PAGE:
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Ivory Coast fans: In Drogba we trust

Andrew Browne, [email protected]

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ABIDJAN – Football fans in Ivory Coast share an uncanny confidence that Didier Drogba, broken arm or not, will be playing for the national team at the World Cup.
“There’s no doubt in my mind,” said Gervais Coulibaly, sitting in a dirt-floored bar in Adjame, a working class neighbourhood in Abidjan. “Drogba will play and he’ll score.”
The Ivory Coast captain, who broke a bone in his arm during a warm-up match against Japan last Friday, has almost God-like status in this impoverished west African nation, which is still struggling to end a political crisis sparked by a failed coup d’etat almost eight years ago.
Paintings of Drogba’s face adorn hair salons and mobile phone kiosks. His name is emblazoned proudly on the back of countless national team shirts worn by young and old alike. Ever since the striker made it big with Chelsea in 2004, Drogbacite – or Drogba-mania – has seized Ivorians of all kinds.
Drogba is seen as a reconciliatory figure who unites the country, which is divided between a rebel-controlled north and a government-controlled south, rising above the political wrangling among the president, the opposition, and the rebels.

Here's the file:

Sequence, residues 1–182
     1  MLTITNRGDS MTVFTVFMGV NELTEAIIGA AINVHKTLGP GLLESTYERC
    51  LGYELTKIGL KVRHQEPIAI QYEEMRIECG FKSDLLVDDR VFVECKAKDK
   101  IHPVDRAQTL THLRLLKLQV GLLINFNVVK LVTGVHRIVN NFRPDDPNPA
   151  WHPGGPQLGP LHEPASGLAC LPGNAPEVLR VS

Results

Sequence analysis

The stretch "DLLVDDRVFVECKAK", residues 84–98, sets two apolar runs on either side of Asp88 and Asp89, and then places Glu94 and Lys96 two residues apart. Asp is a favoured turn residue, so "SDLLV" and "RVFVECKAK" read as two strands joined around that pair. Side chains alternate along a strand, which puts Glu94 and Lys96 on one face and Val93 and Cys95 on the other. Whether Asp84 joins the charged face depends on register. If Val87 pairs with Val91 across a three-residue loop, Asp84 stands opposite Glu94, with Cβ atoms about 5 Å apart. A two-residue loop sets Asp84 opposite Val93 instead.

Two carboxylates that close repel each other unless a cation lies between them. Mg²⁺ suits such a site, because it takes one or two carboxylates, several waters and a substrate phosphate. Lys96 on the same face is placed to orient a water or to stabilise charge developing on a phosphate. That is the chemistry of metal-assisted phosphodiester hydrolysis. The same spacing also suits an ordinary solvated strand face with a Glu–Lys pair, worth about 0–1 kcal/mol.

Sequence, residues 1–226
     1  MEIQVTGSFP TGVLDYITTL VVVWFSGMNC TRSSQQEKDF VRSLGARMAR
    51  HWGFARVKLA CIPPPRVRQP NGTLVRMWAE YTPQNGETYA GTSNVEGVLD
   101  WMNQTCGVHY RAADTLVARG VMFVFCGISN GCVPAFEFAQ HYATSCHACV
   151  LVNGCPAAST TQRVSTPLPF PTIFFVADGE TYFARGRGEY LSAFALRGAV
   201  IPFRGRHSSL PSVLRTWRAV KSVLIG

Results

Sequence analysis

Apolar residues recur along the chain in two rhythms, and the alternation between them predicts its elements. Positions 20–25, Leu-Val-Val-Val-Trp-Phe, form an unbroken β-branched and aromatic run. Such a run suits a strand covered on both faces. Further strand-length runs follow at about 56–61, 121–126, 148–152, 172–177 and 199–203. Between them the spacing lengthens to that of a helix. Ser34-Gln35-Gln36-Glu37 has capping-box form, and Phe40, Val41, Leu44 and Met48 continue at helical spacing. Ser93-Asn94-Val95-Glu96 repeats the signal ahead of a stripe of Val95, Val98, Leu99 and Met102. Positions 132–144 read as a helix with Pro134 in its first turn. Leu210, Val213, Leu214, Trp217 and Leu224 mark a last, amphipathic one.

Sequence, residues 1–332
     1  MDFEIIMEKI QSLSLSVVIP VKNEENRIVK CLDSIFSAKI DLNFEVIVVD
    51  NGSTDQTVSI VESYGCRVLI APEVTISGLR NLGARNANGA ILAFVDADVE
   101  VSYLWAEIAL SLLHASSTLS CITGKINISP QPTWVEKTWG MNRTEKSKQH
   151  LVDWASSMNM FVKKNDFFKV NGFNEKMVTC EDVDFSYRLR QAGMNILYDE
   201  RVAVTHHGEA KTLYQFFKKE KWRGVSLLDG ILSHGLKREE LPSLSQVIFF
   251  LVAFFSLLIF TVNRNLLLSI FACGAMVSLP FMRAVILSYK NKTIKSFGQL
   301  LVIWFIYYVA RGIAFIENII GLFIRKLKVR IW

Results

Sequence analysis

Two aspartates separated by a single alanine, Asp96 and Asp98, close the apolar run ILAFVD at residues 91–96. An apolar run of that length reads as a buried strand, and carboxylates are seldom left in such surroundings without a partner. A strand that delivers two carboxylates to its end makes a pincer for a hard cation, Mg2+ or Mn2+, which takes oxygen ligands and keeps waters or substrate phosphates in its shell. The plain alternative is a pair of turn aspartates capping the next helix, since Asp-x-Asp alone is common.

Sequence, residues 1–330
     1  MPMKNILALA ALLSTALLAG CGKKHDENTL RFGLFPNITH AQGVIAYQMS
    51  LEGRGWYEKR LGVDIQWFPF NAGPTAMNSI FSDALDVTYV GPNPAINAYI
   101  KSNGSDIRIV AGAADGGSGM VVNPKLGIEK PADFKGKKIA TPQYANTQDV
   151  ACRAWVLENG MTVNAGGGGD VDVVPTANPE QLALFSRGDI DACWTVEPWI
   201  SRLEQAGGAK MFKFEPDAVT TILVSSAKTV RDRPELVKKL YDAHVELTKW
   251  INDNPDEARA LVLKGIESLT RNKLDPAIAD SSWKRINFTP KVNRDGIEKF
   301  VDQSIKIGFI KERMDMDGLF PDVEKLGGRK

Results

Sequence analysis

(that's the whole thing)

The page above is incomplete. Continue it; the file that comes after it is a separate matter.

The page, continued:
In the working class neighbourhood of Yopougon where Drogba grew up, his image is everywhere from portraits hung in restaurants to murals on the walls of buildings. Despite having left Ivory Coast at the age of five, Drogba is still held up proudly as a local boy.
Dozens of children seem to appear out of nowhere the moment Drogba’s father, Albert, steps out of his SUV beside the house where Didier spent his first years.
They jump up and down screaming “Papa Drogba!” as Albert walks into the cracked concrete courtyard.
“This is where Didier kicked around his first football,” Albert said. “His coaches in France didn’t see his talent at first, but for me, it was pure destiny.”
Drogba, who was raised by his uncle in France from the age of five, admits to feeling more French than Ivorian, but said in his 2008 autobiography that when he was asked to play for the national team, he considered the return to his birth country a privilege, and the rediscovery of his roots a challenge worth taking up. (AP)